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Commentary

Why the FDA's SBOM Mandate Changes the Game for OSS Security

The new FDA software bill of materials (SBOM) guidelines for medical devices could have broad impact on the healthcare industry and the broader open source ecosystem.

The US Food and Drug Administration (FDA) is not exactly top of mind for the average open source software (OSS) project maintainer nor the developers building applications that leverage OSS. But new rules from the FDA could impact OSS security more than any government rule to date. The big change? The FDA is mandating that all medical devices running software must create and maintain a software bill of materials (SBOM) and will start enforcing that rule on Oct. 1, 2023.

The new policy addresses growing concerns that critical software-powered components of healthcare devices are not properly secured. Medical institutions are frequent targets of ransomware attacks and, in the future, medical devices could be in the crosshairs of hackers. In addition, medical devices often run on outdated or end-of-life (EOL) operating systems. A significant percentage of these systems use Linux or other open source software.

Often, manufacturers have no easy way to update firmware or device software. Further, medical device companies — and the medical professionals who install and use the devices may not be well versed in cybersecurity and might not build in proper mechanisms for ongoing security measures. Of course, we've had warnings on this topic for years. What's different about this new rule? And how will it impact the broader OSS ecosystem? The real difference is in the details of the SBOM requirement.

The Cascading Impact of Mandated SBOMs

To date, SBOMs have been akin to nuclear fusion promising, but always a few years away from being a meaningful reality. A host of supply chain attacks, such as the SolarWinds hack, kicked off a more aggressive US government policy towards cybersecurity, including an executive order mandating that software used by the US government include an SBOM. Since then, a host of startups have emerged to facilitate supply chain security and SBOM management. The largest version-control service providers, GitHub and GitLab, now offer automated SBOM generation. Adoption and acceptance of SBOMs are on the rise according to multiple surveys. For example, the Linux Foundation found that 78% of organizations planned to produce or consume SBOMs by the end of 2022.

What the FDA brings to the party is real "teeth." Mere consumption or production of SBOMs doesn't necessarily result in more robust security; it's easy to generate a superficial and somewhat useless SBOM. In contrast, the FDA mandates that medical device manufacturers submit "a plan to monitor, identify, and address, as appropriate, in a reasonable time, postmarket cybersecurity vulnerabilities and exploits" and to "design, develop, and maintain processes and procedures to provide a reasonable assurance that the device and related systems are cybersecure." This includes patching "on a reasonably justified regular cycle" and as-soon-as-possible patches for serious vulnerabilities found outside of the normal patch cycle.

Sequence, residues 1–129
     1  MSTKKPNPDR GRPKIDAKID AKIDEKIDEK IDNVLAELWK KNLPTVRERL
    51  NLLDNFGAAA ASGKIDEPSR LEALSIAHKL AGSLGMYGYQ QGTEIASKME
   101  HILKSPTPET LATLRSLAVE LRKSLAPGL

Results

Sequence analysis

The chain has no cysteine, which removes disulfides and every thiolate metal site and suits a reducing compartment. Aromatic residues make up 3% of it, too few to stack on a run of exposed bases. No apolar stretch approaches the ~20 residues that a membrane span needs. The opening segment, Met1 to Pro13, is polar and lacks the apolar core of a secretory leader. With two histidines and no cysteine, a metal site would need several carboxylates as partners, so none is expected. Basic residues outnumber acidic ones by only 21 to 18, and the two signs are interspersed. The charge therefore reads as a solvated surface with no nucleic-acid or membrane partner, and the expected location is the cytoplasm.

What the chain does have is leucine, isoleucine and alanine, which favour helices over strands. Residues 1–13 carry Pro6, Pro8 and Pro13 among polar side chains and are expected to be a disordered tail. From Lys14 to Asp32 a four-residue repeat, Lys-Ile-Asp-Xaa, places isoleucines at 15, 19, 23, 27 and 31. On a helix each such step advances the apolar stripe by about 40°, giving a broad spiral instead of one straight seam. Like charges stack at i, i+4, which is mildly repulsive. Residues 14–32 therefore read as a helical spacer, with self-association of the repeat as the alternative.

If a medical device maker fails to hit this mark, then the FDA will refuse to accept (RTA) a proposed device. This designation means a maker cannot put the device on the market. For devices already in the market, the rules are murkier. That said, those device makers are scrambling to meet the new SBOM standards.

One Catalyst for a Broader Shift to Trusted, Transparent OSS

For the broader OSS ecosystem, this new FDA rule offers a glimpse of a future where SBOMs are finally more than a nice-to-have or checkbox activity. OSS is already widely used in medical devices. Linux is one of the more popular choices for medical device systems, growing even more popular as OSS gathers reputation and acceptance. If you are building on Linux, the design likely incorporates other open source components such as middleware, message queues, front-end frameworks for user experience components, and more.

For medical device companies and service providers building software for the industry, the mandate exerts pressure to bias toward OSS components (and supporting projects) that demonstrate strong security behaviors. This includes developing robust SBOMs that are kept up to date and can be programmatically consumed to aggregate into compound SBOMs for a specific medical device and its software stack. By extension, this means we will likely see a winnowing effect as OSS subcomponents that don't abide by the SBOM mandate subsequently fall out of favor with enterprise use cases. This trend will be reinforced by the emergence of trusted package repositories and mandated package provenance.

For open source, this catalyst from the FDA will prove extremely beneficial. It offers a model of enforceable SBOM requirements for critical infrastructure and components. It provides healthy pressure to make applications built on OSS more transparent and accountable. Most importantly, the FDA mandates could save lives one day. For (one terrifying) example, imagine if an advanced persistent threat were to attempt to hack insulin pumps to extract a ransom. Pressures are also building in other geographies, such as the European Union, which is pursuing policies to mandate medical device hardening.

None of this is to say that OSS has not already been more transparent or accountable than proprietary systems. It has. But even within this context, a higher degree of transparency and accountability making OSS far more consumable and programmatic is necessary to secure increasingly convoluted software supply chains and webs of dependencies. The upshot? Your pacemaker or insulin pump will be more secure, and so will everything else in a world increasingly powered by open source.

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